Stimulated Emission Depletion Microscopy (STED)

  • fluorescence microscopy technique
  • uses two lasers in a confocal scanning microscope
  • the second laser generates a bleached "donut" around the object of interest in the centre illuminated by the first laser.

Photoactivation Localization Microscopy (PALM)

Nuclear envelope imaging
  • fluorescence microscopy technique
  • activated fluorophores are illuminated during image acquisition
  • all of them are bleached and then a new subpopulation is photoactivated to begin the next cycle

Stochastic Optical Reconstruction Microscopy (STORM)

  • fluorescence microscopy technique
  • related to PALM
  • a second photoactivation laser is used
  • switches the photoactivated molecules back to their starting state after the desired number of photons has been collected

Raman Microscopy

  • laser beams illuminate a sample resulting in a characteristic shift in wavelength caused by chemical bonds
  • used to identify and locate molecules (used for lipid research)

Coherent Anti-Stokes Raman scattering (CARS) Microscopy

  • uses two laser beams to excite molecular vibrations and generates a stronger signal

Stimulated Raman Scattering Microscopy (SRS)

  • excites molecules with two laser beams
  • calibrated so that the difference between the laser frequencies of the beams matches the vibrational frequency of the molecule to be imaged

References



Textbook References

Molecular Biology of the Cell 4th ed. Alberts, Bruce; Johnson, Alexander; Lewis, Julian; Raff, Martin; Roberts, Keith; Walter, Peter New York and London: Garland Science; c2002

Molecular Cell Biology Lodish, Harvey; Berk, Arnold; Zipursky, S. Lawrence; Matsudaira, Paul; Baltimore, David; Darnell, James E. New York: W. H. Freeman & Co. ; c1999

The Cell - A Molecular Approach Cooper, Geoffrey M. Sunderland (MA): Sinauer Associates, Inc. ; c2000

PubMed

  • PubMed is a service of the U.S. National Library of Medicine that includes over 18 million citations from MEDLINE and other life science journals for biomedical articles back to 1948. PubMed includes links to full text articles and other related resources. PubMed
  • PubMed Central (PMC) is a free digital archive of biomedical and life sciences journal literature at the U.S. National Institutes of Health (NIH) in the National Library of Medicine (NLM) allowing all users free access to the material in PubMed Central. PMC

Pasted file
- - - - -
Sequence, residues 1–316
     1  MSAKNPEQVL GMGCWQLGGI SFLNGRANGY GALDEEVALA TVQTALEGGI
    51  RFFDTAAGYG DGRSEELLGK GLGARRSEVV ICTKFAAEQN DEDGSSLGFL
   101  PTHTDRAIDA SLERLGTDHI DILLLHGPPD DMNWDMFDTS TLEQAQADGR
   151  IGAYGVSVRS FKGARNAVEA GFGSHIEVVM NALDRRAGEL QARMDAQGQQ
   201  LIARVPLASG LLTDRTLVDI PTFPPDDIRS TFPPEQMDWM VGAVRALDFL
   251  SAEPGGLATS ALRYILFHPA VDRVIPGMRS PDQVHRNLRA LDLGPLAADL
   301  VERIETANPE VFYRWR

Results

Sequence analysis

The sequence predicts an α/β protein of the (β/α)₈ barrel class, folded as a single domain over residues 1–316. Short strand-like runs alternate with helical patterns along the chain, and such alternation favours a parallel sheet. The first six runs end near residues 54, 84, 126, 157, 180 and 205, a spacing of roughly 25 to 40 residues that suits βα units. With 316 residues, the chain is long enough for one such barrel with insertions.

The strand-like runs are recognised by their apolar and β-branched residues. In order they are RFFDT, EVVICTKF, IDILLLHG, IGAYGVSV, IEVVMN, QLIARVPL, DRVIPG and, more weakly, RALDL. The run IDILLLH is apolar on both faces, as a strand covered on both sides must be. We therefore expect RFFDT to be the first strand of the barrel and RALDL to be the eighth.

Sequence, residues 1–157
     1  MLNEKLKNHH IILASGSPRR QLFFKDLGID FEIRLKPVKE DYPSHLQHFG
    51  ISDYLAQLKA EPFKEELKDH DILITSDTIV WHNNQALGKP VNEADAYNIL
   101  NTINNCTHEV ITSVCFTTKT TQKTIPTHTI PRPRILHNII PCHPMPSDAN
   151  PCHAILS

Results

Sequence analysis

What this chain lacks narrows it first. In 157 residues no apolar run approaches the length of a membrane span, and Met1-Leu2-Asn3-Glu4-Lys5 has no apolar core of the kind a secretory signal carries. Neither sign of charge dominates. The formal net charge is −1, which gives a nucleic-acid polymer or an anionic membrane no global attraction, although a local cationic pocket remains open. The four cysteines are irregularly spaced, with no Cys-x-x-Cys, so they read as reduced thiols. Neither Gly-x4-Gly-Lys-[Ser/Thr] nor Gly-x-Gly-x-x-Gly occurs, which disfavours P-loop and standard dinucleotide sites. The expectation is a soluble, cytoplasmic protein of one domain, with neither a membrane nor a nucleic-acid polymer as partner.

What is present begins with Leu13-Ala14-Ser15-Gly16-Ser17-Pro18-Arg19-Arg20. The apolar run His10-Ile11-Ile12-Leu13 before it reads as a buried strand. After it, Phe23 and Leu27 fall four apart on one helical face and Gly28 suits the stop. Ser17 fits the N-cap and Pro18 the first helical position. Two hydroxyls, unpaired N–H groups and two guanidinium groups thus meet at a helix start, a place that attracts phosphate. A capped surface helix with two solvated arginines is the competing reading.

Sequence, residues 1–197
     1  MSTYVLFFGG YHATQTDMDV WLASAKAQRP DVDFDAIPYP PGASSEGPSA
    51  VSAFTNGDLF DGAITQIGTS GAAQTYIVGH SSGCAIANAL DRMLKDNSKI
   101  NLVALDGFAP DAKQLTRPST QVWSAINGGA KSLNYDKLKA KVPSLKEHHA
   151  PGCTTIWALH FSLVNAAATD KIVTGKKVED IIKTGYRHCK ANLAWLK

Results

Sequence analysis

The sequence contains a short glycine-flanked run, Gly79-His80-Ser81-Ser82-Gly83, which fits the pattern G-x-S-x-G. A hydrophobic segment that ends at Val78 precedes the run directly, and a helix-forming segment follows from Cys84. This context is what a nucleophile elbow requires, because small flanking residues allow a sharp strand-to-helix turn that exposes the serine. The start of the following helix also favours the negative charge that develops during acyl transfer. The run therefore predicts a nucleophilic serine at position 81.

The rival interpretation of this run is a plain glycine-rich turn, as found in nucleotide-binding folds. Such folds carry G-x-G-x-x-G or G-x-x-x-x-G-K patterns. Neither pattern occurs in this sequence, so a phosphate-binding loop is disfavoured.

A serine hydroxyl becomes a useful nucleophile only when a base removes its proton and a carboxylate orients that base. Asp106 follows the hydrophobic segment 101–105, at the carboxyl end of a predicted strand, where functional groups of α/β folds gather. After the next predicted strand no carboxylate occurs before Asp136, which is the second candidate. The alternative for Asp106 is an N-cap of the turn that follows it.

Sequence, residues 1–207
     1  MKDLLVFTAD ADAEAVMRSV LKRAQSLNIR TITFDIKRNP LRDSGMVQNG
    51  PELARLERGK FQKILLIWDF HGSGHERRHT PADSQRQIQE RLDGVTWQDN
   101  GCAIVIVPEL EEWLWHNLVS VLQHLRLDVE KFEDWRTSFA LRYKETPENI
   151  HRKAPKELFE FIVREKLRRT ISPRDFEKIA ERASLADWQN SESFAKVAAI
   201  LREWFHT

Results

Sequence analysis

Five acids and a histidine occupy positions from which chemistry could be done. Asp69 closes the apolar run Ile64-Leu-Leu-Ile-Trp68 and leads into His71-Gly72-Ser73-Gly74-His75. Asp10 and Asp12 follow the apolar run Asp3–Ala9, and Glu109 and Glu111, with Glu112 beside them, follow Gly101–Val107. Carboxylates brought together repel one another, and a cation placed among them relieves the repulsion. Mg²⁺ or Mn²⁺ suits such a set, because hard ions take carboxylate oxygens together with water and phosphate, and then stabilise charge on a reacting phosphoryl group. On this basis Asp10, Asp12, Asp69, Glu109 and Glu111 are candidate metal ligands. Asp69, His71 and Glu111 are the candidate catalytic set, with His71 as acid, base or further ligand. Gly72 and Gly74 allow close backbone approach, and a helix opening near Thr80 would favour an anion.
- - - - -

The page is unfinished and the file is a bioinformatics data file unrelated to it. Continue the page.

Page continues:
• Online Mendelian Inheritance in Man (OMIM) is a comprehensive compendium of human genes and genetic phenotypes. The full-text, referenced overviews in OMIM contain information on all known mendelian disorders and over 12,000 genes. OMIM
  • Entrez is the integrated, text-based search and retrieval system used at NCBI for the major databases, including PubMed, Nucleotide and Protein Sequences, Protein Structures, Complete Genomes, Taxonomy, and others Entrez

Search Pubmed

Reviews

  • Structure and function of mammalian cilia. Satir P, Christensen ST. Histochem Cell Biol. 2008 Jun;129(6):687-93. Epub 2008 Mar 26. Review. PMID: 18365235


Articles

  • Klar TA, Jakobs S, Dyba M, Egner A, Hell SW. Fluorescence microscopy with diffraction resolution barrier broken by stimulated emission. Proc Natl Acad Sci U S A. 2000 Jul 18;97(15):8206-10. PMID: 10899992
  • D. Axelrod, Cell surface contacts illuminated by total internal reflection fluorescence, J. Cell Biol. 89 (1981), pp. 141–145 PMID: 7014571

External Links

2009 Course Content

Lectures

Cell Biology Introduction | Cells Eukaryotes and Prokaryotes | Cell Membranes and Compartments | Cell Nucleus | Cell Export - Exocytosis | Cell Import - Endocytosis | Cell Mitochondria | Cell Junctions | Cytoskeleton Introduction | Cytoskeleton 1 Intermediate Filaments | Cytoskeleton 2 Microtubules | Cytoskeleton 3 Microfilaments | Extracellular Matrix 1 | Extracellular Matrix 2 | Cell Cycle | Cell Division | Cell Death 1 | Cell Death 2 | Signal 1 | Signal 2 | Stem Cells | Stem Cells | Development | Revision

Laboratories

Introduction to Lab | Microscopy Methods | Preparation/Fixation | Immunochemistry | Cell Knockout Methods | Cytoskeleton Exercise | Confocal Microscopy | Tissue Culture 1 | Tissue Culture 2 | Microarray Lab visit

Dr Mark Hill 2015, UNSW Cell Biology - UNSW CRICOS Provider Code No. 00098G